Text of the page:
[Page: S2613] GPO's PDF
Mr. SHELBY. Madam President, I rise to thank my colleagues in the Senate and countless others across the country for their outpouring of support and offers of assistance to my State of Alabama in this time of need.
On April 27--this last week--an unprecedented tornado system struck the State of Alabama, claiming hundreds of lives and destroying thousands of homes and businesses. At last count, 236 people in Alabama alone were dead, with thousands more injured and a lot missing. It will take many years and potentially billions of dollars for my State to fully recover from this catastrophic disaster.
We have received calls from my fellow Senators, many of whom recently experienced destruction in their own States due to floods and deadly storms, with offers of help. To those who have reached out, I wish to offer my sincere gratitude on behalf of the people of Alabama. I also wish to thank President Obama and FEMA Administrator Craig Fugate for their swift response and commitment to restoring our State.
Their words of encouragement to disaster victims during their visit to Alabama helped ease the grief burdening local families, and their work with Gov. Robert Bentley and Alabama Emergency Management Agency Director Art Faulkner has provided vital assistance during these difficult times. This continued level of Federal coordination is critical to ensuring that Alabama gets back on its feet as quickly as possible.
I have never in my life seen such devastation to the extent I saw during my visit to my home State of Alabama recently. Giant oaks lie flattened and splintered. Homes throughout the State were demolished, leaving thousands homeless and reliant on the Red Cross, the Salvation Army, and others for shelter. At one point last week, over 1 million Alabama residents were without power--almost one-quarter of the State's population. It was gut-wrenching to walk through scattered rubble and realize it was once the site of someone's home or someone's business. The scale and the magnitude of destruction can only be described as hell on Earth.
In our State, while larger cities such as Birmingham and Tuscaloosa--my hometown--suffered extensive damage, so did other rural areas. Communities such as Pratt City, Pleasant Grove, Concord, Rainsville, Hackleburg, Cullman, and many others also incurred the wrath of the storm system and are now trying to assess the extent of their damage.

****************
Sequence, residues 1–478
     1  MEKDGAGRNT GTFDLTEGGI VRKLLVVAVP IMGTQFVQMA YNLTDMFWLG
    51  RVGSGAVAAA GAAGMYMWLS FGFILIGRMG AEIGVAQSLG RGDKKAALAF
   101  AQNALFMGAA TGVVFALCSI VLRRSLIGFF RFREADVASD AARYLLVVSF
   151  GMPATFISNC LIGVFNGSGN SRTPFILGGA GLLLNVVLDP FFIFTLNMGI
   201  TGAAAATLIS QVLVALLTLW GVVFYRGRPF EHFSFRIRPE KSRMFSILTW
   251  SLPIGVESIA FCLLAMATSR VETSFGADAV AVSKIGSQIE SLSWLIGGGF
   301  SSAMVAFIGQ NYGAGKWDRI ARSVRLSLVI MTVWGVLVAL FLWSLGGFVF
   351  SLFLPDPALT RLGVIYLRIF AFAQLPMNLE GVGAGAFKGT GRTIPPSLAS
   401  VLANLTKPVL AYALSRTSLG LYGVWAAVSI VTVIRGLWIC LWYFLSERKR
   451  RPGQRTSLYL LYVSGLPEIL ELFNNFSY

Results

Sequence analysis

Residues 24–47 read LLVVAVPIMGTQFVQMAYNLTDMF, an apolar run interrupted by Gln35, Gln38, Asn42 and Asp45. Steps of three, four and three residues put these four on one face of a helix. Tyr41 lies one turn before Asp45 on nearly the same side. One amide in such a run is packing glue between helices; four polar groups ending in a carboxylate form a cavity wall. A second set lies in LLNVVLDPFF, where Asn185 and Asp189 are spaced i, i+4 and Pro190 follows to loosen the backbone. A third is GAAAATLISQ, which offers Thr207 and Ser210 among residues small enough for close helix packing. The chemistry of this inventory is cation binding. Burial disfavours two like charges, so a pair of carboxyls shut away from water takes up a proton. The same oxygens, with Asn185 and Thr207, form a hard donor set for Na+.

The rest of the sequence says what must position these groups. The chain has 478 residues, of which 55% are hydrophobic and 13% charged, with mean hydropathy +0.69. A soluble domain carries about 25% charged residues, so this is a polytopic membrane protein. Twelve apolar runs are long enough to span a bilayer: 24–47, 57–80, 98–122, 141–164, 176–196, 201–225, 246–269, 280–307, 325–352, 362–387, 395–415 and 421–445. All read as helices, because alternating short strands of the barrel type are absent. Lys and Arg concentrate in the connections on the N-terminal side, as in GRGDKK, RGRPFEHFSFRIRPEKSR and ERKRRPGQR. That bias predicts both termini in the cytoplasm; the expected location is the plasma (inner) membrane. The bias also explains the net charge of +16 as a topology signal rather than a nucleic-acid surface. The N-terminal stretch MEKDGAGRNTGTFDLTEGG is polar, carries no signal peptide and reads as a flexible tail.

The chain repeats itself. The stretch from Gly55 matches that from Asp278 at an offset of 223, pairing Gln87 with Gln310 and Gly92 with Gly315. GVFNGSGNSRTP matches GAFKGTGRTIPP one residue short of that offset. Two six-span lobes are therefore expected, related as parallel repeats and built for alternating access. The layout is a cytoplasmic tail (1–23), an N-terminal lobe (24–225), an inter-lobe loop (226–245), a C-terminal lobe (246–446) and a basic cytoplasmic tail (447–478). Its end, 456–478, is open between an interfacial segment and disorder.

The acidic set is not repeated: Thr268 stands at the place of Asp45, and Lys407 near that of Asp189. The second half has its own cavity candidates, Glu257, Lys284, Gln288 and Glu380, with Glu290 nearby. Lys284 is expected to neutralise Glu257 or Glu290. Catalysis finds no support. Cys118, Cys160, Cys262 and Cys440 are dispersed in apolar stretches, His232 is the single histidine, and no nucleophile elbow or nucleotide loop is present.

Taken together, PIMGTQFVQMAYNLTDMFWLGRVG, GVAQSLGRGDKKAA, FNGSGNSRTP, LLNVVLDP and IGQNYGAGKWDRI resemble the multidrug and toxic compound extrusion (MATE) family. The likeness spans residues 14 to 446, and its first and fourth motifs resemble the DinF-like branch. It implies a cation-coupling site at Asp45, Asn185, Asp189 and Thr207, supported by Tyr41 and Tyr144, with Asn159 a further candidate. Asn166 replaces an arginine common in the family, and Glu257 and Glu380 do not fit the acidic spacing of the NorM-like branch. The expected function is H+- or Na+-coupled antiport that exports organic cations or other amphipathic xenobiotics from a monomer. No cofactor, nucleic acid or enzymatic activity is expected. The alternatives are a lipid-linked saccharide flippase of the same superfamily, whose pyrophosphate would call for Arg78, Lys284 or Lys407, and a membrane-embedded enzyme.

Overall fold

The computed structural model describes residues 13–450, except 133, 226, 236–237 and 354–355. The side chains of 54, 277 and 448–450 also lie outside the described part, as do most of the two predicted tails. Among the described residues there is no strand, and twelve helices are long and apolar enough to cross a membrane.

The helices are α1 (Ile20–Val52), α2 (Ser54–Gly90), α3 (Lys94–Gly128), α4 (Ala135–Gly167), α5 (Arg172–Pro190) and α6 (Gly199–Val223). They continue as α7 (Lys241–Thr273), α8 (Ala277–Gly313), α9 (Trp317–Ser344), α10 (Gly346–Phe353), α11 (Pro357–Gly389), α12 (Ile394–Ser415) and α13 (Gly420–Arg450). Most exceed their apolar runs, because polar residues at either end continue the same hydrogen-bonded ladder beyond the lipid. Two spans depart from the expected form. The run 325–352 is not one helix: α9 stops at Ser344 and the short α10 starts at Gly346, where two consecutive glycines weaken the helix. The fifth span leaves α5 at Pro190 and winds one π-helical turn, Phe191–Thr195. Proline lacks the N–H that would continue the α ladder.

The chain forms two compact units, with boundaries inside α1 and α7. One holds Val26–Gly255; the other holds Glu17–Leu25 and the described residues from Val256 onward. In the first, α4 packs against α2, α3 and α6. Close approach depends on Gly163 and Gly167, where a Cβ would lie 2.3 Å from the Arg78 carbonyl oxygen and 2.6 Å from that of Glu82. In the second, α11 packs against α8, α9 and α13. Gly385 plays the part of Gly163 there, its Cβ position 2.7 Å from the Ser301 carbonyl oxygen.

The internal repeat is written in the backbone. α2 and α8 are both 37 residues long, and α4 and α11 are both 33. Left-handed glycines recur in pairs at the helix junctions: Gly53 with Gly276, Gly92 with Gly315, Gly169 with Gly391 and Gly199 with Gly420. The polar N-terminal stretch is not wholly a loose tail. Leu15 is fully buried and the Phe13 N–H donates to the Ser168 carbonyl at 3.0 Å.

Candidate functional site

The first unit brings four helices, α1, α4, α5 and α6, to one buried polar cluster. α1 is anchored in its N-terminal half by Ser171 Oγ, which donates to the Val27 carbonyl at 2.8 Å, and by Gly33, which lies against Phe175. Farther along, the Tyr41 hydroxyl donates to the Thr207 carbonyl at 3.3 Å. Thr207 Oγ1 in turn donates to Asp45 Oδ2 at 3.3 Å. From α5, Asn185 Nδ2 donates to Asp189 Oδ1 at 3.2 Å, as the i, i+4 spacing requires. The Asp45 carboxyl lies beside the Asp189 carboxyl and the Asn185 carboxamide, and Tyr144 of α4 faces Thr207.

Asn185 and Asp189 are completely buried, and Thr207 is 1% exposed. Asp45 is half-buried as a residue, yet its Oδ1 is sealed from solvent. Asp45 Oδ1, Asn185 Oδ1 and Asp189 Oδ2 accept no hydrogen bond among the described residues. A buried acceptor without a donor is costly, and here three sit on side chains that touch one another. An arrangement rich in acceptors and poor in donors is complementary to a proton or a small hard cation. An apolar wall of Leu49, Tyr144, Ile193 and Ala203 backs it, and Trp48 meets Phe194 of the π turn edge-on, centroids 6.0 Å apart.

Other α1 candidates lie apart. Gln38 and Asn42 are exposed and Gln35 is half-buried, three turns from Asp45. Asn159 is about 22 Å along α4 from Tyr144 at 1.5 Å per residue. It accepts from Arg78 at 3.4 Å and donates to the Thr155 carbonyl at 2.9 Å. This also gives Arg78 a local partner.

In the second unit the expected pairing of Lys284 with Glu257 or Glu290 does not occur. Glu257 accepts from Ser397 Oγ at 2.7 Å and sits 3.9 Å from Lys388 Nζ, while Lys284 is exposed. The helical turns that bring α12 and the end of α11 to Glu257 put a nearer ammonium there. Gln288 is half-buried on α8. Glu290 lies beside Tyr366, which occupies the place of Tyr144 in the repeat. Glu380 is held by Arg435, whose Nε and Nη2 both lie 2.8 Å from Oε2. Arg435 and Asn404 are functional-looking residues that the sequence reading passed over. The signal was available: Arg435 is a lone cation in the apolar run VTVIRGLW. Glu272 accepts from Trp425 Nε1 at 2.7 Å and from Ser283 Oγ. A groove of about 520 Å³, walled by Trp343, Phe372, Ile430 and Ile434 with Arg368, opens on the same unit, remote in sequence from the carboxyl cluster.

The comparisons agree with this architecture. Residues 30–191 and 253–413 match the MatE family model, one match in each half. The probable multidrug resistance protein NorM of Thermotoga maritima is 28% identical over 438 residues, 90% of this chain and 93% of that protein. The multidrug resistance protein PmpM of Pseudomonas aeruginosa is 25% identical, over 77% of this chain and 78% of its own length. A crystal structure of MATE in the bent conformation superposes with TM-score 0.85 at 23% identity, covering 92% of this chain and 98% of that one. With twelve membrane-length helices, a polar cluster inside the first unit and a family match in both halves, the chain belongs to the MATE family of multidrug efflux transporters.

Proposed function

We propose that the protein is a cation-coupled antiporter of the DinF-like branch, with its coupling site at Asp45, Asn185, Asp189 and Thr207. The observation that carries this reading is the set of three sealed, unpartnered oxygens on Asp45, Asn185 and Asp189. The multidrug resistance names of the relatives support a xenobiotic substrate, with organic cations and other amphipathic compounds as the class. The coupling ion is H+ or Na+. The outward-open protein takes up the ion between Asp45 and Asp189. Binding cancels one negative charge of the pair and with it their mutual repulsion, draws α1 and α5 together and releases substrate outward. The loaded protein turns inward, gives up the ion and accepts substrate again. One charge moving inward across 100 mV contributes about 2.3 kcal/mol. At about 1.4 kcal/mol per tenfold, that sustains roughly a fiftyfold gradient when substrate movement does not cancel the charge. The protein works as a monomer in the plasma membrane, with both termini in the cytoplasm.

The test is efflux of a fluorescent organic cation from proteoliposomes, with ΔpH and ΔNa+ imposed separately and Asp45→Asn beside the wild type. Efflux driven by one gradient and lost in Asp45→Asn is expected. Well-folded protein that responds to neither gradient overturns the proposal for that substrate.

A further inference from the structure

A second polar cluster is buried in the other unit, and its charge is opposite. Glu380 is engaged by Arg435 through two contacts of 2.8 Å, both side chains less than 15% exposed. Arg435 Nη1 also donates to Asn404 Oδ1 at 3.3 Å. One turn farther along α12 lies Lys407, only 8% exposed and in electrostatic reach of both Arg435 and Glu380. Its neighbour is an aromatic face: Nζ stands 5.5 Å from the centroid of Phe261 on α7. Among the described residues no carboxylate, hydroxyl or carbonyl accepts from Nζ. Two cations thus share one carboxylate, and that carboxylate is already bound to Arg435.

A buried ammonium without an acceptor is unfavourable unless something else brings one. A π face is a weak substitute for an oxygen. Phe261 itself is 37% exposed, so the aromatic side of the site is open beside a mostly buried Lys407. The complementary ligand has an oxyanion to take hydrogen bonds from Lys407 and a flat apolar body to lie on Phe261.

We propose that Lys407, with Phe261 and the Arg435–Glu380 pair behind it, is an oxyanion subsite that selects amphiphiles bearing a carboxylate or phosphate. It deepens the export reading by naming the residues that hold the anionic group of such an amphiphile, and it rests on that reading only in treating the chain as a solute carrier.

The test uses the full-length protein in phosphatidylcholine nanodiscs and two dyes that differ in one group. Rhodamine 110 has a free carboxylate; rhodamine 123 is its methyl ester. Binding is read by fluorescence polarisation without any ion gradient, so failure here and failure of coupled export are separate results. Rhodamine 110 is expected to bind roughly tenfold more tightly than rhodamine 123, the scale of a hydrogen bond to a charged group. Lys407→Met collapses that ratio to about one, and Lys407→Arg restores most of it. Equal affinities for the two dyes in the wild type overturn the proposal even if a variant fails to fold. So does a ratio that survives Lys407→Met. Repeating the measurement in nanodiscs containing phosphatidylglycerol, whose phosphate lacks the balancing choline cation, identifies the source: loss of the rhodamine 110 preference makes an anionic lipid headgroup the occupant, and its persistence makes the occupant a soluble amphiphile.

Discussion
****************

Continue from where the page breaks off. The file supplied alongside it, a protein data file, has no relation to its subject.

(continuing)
In DeKalb, Marion and Franklin Counties alone, we have seen nearly 100 deaths. Virtually every part of the State was touched by storms, and all of us were affected. The pain and loss that families are experiencing are still fresh. Many remain in shock.
However, we must also recognize that Alabama was not the lone victim of the storm. As we continue our cleanup and recovery efforts, so do the people of Tennessee, Mississippi, Georgia, Virginia, Louisiana, and Kentucky. Our thoughts and prayers are with all of the affected States. We stand willing and able to assist you, as you have offered similar support to us.
I want to reassure the people of Alabama and all the affected States that we will do everything we can on the Federal level to restore life as it was before. My staff and I are working with the State, FEMA, and the other Federal agencies to ensure as quick and efficient a recovery as possible.
Thousands of Alabamians have opened their homes, donated supplies, made contributions, and rushed to help in any way they could. After witnessing the selfless generosity of complete strangers and the sheer resilience of those affected by the storms, I have never been more proud to call Alabama my home.
It will take a lot of work and help from volunteers, but I am convinced that, together, we can overcome this terrible tragedy.
Madam President, I yield the floor.